At Sarah Lawrence, the college where I teach, our endowment has been hard hit by the recession, and so have the incomes of our students' parents. We have, as a result, done the opposite of what we would do if we were a business bent on making a profit. We have increased the financial aid we provide our students--by a whopping 19 percent this fall.
It has been a strain making such a commitment. We have not only put off building projects and repairs. We have had to economize on the basics. We have even frozen faculty salaries. This has been a hardship, but it is hardship that, like the postponement of sabbaticals, has been accepted as necessary by myself and most of my colleagues.
We are not unique in believing this is a time for sacrifice. At colleges across the country, faculty have acted the opposite of executives in the banking industry, who have insisted they deserve bonuses despite benefiting from a government bailout.
We don't think we should be getting gold stars for behaving as we have. We have done the right thing. In our case we have even had the example of the president of our college deciding that, as the administrator making the most money, she ought to take a salary cut rather than a salary freeze.
But what is infuriating to us is a small, but influential, group of education critics who contend that a key reason higher education is so expensive is because of faculty preoccupied with their own research and careers. John Zmirak, the editor-in-chief of Collegeguide.com insists that at the root of the college cost problem are self-serving professors uninterested in giving survey or composition courses because such courses won't help them get tenure. In essays for the "Chronicle of Higher Education" and the conservative think tank, the American Enterprise Institute, Professor Mark Bauerlein, the author of "The Dumbest Generation" has made the same point even more emphatically.
Nobody would deny there are faculty who put their own interests ahead of those of their students. But when such selfish behavior is considered typical, I wonder what educational planet the critics who make this charge are living on. It does not square with my experience or that of friends who teach at other colleges.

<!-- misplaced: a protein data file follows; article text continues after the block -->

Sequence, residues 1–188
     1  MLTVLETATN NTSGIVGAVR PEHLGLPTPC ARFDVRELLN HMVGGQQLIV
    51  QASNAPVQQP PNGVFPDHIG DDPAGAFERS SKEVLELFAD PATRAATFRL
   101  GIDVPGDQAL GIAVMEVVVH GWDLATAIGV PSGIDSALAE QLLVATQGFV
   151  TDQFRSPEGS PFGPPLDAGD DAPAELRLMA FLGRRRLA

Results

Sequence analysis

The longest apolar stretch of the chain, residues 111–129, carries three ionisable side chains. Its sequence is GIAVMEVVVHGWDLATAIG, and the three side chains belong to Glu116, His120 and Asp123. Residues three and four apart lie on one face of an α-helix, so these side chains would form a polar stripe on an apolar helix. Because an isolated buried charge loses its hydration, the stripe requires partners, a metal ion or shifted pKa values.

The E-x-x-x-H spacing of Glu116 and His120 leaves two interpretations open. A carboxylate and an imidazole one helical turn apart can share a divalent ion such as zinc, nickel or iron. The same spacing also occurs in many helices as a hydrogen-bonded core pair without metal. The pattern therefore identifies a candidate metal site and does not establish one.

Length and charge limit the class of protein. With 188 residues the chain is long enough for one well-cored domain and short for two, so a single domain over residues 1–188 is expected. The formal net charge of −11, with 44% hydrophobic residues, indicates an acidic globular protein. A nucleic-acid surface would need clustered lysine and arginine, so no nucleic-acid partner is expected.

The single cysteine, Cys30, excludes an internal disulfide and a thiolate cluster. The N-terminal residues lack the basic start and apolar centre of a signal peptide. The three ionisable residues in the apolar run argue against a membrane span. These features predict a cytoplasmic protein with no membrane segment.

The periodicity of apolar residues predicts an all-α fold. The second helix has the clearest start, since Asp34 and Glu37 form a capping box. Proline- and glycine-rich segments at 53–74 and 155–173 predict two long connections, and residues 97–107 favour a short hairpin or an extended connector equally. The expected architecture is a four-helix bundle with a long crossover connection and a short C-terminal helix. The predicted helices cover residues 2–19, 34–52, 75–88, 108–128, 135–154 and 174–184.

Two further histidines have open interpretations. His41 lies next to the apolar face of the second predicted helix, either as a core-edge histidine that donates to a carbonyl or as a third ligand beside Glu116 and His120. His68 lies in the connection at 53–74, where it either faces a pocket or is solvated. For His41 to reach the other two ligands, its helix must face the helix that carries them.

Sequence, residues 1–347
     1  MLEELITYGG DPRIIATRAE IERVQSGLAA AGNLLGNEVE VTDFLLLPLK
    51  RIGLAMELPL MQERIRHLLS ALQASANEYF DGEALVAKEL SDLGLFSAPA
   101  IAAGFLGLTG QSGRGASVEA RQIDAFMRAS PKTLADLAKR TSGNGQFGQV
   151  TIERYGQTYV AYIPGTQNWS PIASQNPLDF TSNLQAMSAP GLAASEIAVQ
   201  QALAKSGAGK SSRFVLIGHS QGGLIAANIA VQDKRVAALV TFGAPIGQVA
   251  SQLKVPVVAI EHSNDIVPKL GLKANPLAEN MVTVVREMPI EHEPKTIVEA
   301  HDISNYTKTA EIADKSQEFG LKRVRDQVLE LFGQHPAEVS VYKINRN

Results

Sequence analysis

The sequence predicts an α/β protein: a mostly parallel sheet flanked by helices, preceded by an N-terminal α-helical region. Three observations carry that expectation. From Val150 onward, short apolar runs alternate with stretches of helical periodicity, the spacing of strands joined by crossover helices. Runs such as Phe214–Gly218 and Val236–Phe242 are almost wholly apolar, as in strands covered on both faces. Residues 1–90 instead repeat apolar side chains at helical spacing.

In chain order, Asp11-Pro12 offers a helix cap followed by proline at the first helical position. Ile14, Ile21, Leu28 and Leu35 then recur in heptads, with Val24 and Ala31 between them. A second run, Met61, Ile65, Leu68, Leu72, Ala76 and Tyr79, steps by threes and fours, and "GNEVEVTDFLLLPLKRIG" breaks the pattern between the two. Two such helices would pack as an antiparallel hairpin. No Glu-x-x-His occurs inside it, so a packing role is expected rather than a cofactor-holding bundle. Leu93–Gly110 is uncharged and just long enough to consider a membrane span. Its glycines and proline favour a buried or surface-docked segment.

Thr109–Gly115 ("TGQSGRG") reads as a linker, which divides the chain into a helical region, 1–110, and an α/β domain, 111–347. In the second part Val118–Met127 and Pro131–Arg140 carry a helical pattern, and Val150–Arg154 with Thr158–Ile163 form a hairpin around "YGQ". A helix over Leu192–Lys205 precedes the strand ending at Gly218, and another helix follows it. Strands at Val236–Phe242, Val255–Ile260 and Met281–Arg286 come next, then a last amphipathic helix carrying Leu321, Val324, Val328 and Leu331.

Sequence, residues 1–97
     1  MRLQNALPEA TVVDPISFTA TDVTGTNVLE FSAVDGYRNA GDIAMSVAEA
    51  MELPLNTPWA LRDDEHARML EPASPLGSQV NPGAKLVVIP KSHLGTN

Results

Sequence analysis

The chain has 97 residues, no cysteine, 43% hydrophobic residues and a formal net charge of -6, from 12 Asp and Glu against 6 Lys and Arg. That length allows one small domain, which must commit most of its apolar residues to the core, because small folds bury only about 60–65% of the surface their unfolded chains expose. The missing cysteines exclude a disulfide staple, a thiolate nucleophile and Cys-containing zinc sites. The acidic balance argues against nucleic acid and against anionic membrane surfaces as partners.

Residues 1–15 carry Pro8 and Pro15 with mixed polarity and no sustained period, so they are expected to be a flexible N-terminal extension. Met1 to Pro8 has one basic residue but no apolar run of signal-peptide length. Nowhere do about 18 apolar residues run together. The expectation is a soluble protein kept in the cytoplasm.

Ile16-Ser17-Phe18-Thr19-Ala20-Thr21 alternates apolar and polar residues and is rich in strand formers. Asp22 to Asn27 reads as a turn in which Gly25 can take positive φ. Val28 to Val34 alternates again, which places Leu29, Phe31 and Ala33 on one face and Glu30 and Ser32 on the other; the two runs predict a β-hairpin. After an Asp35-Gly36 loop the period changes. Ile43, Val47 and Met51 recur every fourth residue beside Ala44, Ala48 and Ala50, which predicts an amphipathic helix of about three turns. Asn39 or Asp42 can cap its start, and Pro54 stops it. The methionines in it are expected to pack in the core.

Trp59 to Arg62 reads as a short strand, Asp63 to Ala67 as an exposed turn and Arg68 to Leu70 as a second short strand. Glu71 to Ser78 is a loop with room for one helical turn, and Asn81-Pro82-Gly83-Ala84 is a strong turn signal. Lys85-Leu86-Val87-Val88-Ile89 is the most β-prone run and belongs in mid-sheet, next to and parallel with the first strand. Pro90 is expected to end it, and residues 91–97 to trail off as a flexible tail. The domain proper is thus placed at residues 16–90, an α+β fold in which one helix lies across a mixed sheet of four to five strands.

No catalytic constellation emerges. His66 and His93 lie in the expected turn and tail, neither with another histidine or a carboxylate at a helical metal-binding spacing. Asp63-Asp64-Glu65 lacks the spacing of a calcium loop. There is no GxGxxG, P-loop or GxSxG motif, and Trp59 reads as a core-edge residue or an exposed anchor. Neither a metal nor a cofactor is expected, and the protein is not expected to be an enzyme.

At my school, for example, senior faculty regularly give introductory courses for first-year students. In these courses we meet with our first-years in half-hour individual conferences every week in addition to our regular class meetings. After our students' first year, the individual conferences with them change to every other week meetings in addition to regular classes, but for seniors doing a thesis, the standard meeting goes back to once a week.
Nor is the labor-intensive nature of our enterprise just a matter of long hours. It is also a matter of taking personal responsibility for our courses. We don't use teaching assistants to save ourselves the burden of marking papers. We grade all the papers we assign, even in lecture courses, and when it comes to awarding tenure, we look at how a colleague teaches. We visit a new colleague's classes, and we read the faculty evaluations our students make at the end of every year. A distinguished publishing record is a plus in our eyes, but it won't lead to tenure if you fail in the classroom.
Parents who can afford our college pay a hefty sum for the kind of teaching we do, and in turn, we make sure we provide lots of scholarship aid to students whose parents cannot afford us. Over 50 percent of our students receive grants, and the average amount we provide them adds up to more than half the cost of tuition, room, and board. As a result, our high tuition doesn't end up coming back to us as profit. It ends up allowing us to be diverse. Like many private schools, we are, when our aid package is compiled, often easier for an individual student to afford than a state school.
How long will colleges across the country like mine be forced to make sacrifices and cutbacks? As long as the recession lasts, I fear. In the meantime I am thankful that we have figured out a way to reduce the financial burden we put on our most vulnerable students, and I wonder what is driving the attacks that put so much blame on faculty for college being as expensive as it is today. Are these attacks really a covert assault on tenure? On sabbaticals? On the value of serious research?
I don't have the answer. But I do know the attacks are a caricature. They make it seem as if countless colleges and universities across America really don't deserve support because long before the recession began, they were asking for trouble.
Nicolaus Mills is a professor of American Studies at Sarah Lawrence College and with Michael Walzer co-editor of the forthcoming Getting Out: Historical Perspectives on Leaving Iraq.